There then follows a timed session filled with the sound of slurping (apparently that helps to get the right amount of air to flow over the coffee, releasing the right flavours to help spot the difference…) and lots of spoons brought to lips and coffee spat out into a waste cup. It’s probably much like a speed-tasting session at a wine event; quite fascinating to watch how some rush through and go on instinct, while others take it slowly and work through whatever senses they are using to pick out the right cup.
So, at the end of four days of competition, 20 baristas went through to the UK finals in early April in London, with dreams of representing the UK at the Rimini European championships after that, and then maybe even the Worlds in Melbourne later this spring. Six tasters also qualified for the World Cup tasting championships in Rimini, including at least one of those I had the privilege to watch on Wednesday.
Here are the full results, in case you want to spot who you know from your own coffee travels
For myself, it was great to watch the whole process and to see the art (and science) of coffee-making at its best. It has brought home to me, though, how little I know about how you go about making the perfect cup of coffee (and more importantly for me, how to avoid a really bad – or boring – cup). I happened upon Stuart from Pumphreys in Newcastle, who has inspired me to come along to one of their barista training courses. Hey, you never know, I may be able to make my own flat white next time I attend this kind of event…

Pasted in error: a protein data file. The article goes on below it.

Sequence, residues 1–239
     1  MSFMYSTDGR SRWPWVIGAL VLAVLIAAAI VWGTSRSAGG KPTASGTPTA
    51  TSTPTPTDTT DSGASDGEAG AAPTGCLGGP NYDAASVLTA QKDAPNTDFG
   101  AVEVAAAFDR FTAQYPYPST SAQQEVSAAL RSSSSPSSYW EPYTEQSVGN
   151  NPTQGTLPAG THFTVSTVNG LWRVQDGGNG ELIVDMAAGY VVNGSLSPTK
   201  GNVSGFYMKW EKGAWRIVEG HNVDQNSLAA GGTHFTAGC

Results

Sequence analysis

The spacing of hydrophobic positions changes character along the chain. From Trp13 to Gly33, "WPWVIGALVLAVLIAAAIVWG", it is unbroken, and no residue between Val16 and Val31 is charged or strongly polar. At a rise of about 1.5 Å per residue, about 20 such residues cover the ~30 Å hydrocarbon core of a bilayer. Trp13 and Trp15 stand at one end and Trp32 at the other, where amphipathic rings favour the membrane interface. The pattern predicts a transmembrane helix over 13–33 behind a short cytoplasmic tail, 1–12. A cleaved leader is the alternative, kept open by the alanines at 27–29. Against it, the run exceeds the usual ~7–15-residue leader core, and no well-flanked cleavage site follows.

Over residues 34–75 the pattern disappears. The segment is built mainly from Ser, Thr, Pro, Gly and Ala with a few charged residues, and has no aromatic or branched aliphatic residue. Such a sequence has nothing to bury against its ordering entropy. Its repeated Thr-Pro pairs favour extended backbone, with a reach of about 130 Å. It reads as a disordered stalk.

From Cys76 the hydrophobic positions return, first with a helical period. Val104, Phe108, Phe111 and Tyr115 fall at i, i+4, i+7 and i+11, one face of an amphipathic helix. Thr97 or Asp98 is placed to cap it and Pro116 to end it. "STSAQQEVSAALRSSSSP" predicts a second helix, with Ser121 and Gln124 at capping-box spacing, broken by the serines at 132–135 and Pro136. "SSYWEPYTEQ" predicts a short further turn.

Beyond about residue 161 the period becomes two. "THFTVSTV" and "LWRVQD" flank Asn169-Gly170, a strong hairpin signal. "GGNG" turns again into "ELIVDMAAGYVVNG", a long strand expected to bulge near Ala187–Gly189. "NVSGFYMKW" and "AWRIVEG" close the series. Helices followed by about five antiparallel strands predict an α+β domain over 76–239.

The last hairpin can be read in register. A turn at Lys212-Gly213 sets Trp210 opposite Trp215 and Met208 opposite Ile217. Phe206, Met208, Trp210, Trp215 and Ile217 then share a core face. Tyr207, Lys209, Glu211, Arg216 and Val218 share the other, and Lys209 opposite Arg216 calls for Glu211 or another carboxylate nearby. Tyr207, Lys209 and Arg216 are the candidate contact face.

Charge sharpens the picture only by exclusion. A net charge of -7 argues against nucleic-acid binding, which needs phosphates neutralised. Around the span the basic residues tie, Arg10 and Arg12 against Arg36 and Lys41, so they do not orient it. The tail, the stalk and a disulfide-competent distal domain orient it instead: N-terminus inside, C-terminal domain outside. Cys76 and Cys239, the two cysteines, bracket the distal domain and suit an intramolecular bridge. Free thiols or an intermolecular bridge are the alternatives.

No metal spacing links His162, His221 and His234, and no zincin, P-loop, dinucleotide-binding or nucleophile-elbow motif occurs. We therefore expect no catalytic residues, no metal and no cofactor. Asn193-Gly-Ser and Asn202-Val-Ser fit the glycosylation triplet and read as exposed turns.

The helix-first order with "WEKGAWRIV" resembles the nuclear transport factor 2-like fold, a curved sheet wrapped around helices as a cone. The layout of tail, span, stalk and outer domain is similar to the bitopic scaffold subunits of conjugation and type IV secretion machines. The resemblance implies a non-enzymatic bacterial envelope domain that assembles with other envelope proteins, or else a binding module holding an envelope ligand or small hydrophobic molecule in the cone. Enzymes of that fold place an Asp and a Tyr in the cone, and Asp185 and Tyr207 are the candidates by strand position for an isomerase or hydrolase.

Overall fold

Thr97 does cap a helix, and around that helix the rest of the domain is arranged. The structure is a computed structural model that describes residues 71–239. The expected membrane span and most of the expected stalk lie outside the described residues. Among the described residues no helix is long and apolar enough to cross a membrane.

For the organisers, looking ahead to next year, I’d say: make sure you get at least one stall there serving cake and snacks. Quality cake goes so naturally with cappuccino, and it’d be an easy money-maker given the number of people running round all day on empty stomachs and high on caffeine.
Hey, at one point about 50 little primary school kids drifted past in crocodile file (heading probably for the Film Actors studio). Now, if you had cake to sell, they might even have stopped to look at what the barista championships are all about. Start ’em young, I say…